Podcast Ep.6 — Limited Distracted Driving
Matthew Dziak: [00:00:00] Welcome to the Fleet Code. A podcast brought to you by Fleetio. Where we'll dive into the latest fleet trends, technology, and best practices. Get the inside scoop, as we decode the challenges of fleet management.
Corey Woinarowicz: [00:00:21] Each incident in California, if it was a crash with no injury, it costs the company on average $92,000. If there was an injury, it went up to $300 plus thousand dollars. And if there was a fatality, then it was $1.5 plus. The ripple effect, like I said, is just huge. It's larger than you think until you have to go through it.
Matthew Dziak: [00:00:41] In this episode of the fleet code, we discussed distracted driving and the impact it can have on the fleet and its drivers. Joining us to lend his expertise is Corey Woinarowicz. Corey is the director of business development at Nocell technologies. The technology company that provides a driver management platform and mobile app. Hi, Corey. Thanks for joining us today.
Corey Woinarowicz: [00:01:02] Hey Matthew, great to be here, thank you very much.
Matthew Dziak: [00:01:04] Absolutely, so I know that you are located in California. I'm curious how things have been from a driving perspective out there. I spent probably half my life out there actually, and I know that obviously the traffic can be an issue for a lot of people, but given some of the things that occurred in 2020 with the work from home, I'm wondering if maybe some of that subsided, just a little.
Corey Woinarowicz: [00:01:26] The funny thing is, and you've been out here, the numbers on the freeway means the 405 is it takes four or five hours to get there in 91 is you're going to take 91 minutes to go 10 miles or whatever. But during all the stuff in 2020, the freeways were empty and all of the high powered vehicles came out. So if you did get on the freeway, you had to get in line quickly and avoid the Lamborghinis and the Teslas that were going in ludicrous mode. It has been great to see the traffic come back. So that we can go normal speeds again.
Matthew Dziak: [00:01:57] Yeah, that's one of those things that you don't really think about, but it does make a lot of sense. Those rebels that have a little bit of money and get those fancy sports cars now that they have an open road to play with . I can see that issue. And we'll get into that for sure. Why don't you tell everyone a little bit more about yourself and the company you work for?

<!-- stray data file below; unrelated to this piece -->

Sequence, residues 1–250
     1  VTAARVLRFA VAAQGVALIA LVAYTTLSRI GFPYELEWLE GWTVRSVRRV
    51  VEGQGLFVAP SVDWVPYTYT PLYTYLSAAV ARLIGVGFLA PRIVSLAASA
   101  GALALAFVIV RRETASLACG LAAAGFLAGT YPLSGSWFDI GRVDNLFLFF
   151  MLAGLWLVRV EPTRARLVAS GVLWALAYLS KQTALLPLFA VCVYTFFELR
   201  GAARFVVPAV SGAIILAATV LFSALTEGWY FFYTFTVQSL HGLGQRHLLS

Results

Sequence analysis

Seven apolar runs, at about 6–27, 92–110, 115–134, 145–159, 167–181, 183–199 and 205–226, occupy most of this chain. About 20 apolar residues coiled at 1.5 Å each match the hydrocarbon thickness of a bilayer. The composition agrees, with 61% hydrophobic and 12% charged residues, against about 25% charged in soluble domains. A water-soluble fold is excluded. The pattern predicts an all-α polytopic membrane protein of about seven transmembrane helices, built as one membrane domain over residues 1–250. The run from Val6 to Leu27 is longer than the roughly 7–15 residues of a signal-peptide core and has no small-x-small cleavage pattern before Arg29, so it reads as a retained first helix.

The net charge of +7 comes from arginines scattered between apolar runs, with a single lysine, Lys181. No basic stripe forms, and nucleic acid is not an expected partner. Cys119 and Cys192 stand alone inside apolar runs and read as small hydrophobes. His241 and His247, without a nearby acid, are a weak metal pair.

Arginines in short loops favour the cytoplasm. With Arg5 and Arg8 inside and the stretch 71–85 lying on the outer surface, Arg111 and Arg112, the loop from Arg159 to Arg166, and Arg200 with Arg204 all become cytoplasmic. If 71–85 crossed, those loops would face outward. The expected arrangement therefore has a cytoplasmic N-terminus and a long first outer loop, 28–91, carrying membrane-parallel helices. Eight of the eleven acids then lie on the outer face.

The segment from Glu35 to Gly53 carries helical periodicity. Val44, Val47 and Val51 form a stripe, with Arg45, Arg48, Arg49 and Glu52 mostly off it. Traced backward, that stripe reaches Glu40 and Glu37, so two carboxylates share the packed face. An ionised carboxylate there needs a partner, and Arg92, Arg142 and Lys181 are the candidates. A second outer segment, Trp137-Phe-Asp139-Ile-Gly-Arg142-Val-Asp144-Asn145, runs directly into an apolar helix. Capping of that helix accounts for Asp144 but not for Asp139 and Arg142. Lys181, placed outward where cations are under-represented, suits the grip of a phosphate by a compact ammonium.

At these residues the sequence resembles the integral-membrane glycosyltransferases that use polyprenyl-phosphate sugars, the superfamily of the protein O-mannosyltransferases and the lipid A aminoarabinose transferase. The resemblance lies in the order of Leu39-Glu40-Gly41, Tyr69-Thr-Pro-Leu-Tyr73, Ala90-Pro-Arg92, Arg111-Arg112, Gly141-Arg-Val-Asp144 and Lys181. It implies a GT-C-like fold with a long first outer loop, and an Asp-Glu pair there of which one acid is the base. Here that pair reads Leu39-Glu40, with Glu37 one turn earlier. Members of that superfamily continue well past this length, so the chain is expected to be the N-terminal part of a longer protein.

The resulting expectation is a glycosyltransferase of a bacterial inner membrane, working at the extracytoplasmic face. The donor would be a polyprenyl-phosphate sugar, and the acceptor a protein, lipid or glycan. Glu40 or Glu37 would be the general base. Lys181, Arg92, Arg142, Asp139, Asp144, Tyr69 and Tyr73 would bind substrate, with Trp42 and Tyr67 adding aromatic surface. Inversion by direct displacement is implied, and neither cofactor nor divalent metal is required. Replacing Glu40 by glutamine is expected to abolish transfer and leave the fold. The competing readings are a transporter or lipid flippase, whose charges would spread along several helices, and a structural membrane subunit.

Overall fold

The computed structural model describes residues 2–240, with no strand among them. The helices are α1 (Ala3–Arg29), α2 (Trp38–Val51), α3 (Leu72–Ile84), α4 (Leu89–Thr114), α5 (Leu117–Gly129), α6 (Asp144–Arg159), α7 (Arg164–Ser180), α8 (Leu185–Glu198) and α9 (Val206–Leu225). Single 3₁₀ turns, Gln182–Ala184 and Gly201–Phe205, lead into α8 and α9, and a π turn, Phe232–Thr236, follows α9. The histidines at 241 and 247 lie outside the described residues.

Corey Woinarowicz: [00:02:13] Sure. My name is Corey Woinarowicz. I'm the director of business development at Nocell technologies. And Nocell technologies is one of the industry leaders in providing a solution to mitigate the risks of distracted driving by removing the apps from the phone while the vehicles are in motion.
Matthew Dziak: [00:02:31] Now, how did you get involved in this world of driver safety and fleets?
Corey Woinarowicz: [00:02:35] So I met a couple of guys back in early 2019, and they were talking about this problem of distracted driving. And I'm a father of three kids that are all in college now. And it was one of those things where you really wanted to do something right, for the world. Instead of just selling a product,I wanted to get into a company that was doing something that was for the betterment of the people. And no cell has the right mantra, the right attitude. And we are trying to get to zero distracted driving crashes by the end of this decade. So I thought it was a great team to join and that's how I got involved.
Matthew Dziak: [00:03:08] Yeah, that's a truly fantastic goal to have for your organization. I definitely wanted to talk a lot about distracted driving and I was reading a report from 2020 that even with vehicles on the road, by volume being down there happened to be more accidents. And I think you might've alluded to it, but why do you think that is.